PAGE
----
http://www.artofproblemsolving.com/F...d359c1cf90.gif

Printable View

- Mar 25th 2007, 09:30 PMtukeywilliamsComplex cofficients in differencial equation
- Mar 26th 2007, 05:04 AMThePerfectHacker
Post in correct subforum. This has absolutely nothing to do with algebra!

- Mar 27th 2007, 06:11 AMtukeywilliams
Why did you set c1 = c2 = 1/2 and c1 = 1/2i and c2 = -1/2i? How did you get that to equal e^(\alpha t) \cos t and e^(\alpha t) \sin t?

- Mar 27th 2007, 06:31 AMtopsquark
NOTE: I have corrected the 9:30AM version of this!

You need to split y into its real and complex parts:

I'm going to call alpha = a and beta = b and I^2 = -1. (Don't confuse these with the coefficients of the differential equation!)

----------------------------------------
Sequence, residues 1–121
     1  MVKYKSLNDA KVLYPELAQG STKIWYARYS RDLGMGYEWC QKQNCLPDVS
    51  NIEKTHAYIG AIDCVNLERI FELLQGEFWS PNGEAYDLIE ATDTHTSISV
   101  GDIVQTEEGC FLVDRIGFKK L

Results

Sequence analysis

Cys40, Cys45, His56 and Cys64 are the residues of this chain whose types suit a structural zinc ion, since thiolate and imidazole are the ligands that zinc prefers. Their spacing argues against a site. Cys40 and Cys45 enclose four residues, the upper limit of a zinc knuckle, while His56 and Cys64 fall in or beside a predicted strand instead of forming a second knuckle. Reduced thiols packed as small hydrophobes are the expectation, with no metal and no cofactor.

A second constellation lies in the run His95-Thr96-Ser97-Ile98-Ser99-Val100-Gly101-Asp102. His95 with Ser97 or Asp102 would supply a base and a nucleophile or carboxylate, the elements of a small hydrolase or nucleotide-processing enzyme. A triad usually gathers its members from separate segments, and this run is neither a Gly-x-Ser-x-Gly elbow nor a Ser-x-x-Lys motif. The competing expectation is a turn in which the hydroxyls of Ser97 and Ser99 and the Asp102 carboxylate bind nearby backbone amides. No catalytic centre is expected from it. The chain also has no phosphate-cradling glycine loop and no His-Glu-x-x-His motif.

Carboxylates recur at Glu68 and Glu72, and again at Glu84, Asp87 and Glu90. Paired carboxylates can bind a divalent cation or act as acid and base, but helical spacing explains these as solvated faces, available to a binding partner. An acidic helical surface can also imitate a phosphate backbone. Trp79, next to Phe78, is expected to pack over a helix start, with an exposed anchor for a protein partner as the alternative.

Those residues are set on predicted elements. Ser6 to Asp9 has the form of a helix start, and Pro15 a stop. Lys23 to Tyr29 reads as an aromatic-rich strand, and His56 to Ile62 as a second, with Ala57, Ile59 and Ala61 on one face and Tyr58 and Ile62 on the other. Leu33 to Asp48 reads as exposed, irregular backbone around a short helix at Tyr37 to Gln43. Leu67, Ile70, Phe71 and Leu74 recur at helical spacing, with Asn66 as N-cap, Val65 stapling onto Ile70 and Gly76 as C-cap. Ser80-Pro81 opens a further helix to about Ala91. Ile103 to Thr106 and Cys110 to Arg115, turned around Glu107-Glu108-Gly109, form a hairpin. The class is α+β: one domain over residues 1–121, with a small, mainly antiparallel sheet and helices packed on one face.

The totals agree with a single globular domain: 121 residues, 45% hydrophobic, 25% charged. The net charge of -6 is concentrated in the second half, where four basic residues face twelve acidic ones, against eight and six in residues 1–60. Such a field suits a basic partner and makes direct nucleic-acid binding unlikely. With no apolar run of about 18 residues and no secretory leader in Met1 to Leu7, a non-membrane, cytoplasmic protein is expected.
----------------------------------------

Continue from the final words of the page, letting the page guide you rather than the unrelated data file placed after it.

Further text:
y = k1*exp{(a + Ib)t} + k2*exp{(a - Ib)t}

y = k1*exp{at}*exp{Ibt} + k2*exp{at}*exp{-Ibt}

y = exp{at}*[k1*exp{Ibt} + k2*exp{-Ibt}]

y = exp{at}*[k1*cos(bt) + I*k1*sin(bt) + k2*cos(bt) - I*k2*sin(bt)]

Define k1 = c + Id and k2 = e + If where c, d, e, f are real.

Then

y = exp{at}*[c*cos(bt) + I*d*cos(bt) + I*c*sin(bt) - d*sin(bt) + e*cos(bt) + I*f*cos(bt) - I*e*sin(bt) + f*sin(bt)]

y = exp{at}*[c*cos(bt) - d*sin(bt) + e*cos(bt) + f*sin(bt)] + I*exp{at}*[d*cos(bt) + c*sin(bt) + f*cos(bt) - e*sin(bt)]

The complex part of y is

exp{at}*[d*cos(bt) + c*sin(bt) + f*cos(bt) - e*sin(bt)]

= exp{at}*[(d + f)*cos(bt) + (c - e)*sin(bt)]

This must be 0. To be true for all b and all t we must have that

d + f = 0

c - e = 0

Thus f = -d

Thus e = c.

So k2 = e + If = c - Id, which is the complex conjugate of k1 = c + Id.

-Dan - Mar 27th 2007, 09:30 AMtukeywilliams
- Mar 27th 2007, 10:07 AMtopsquark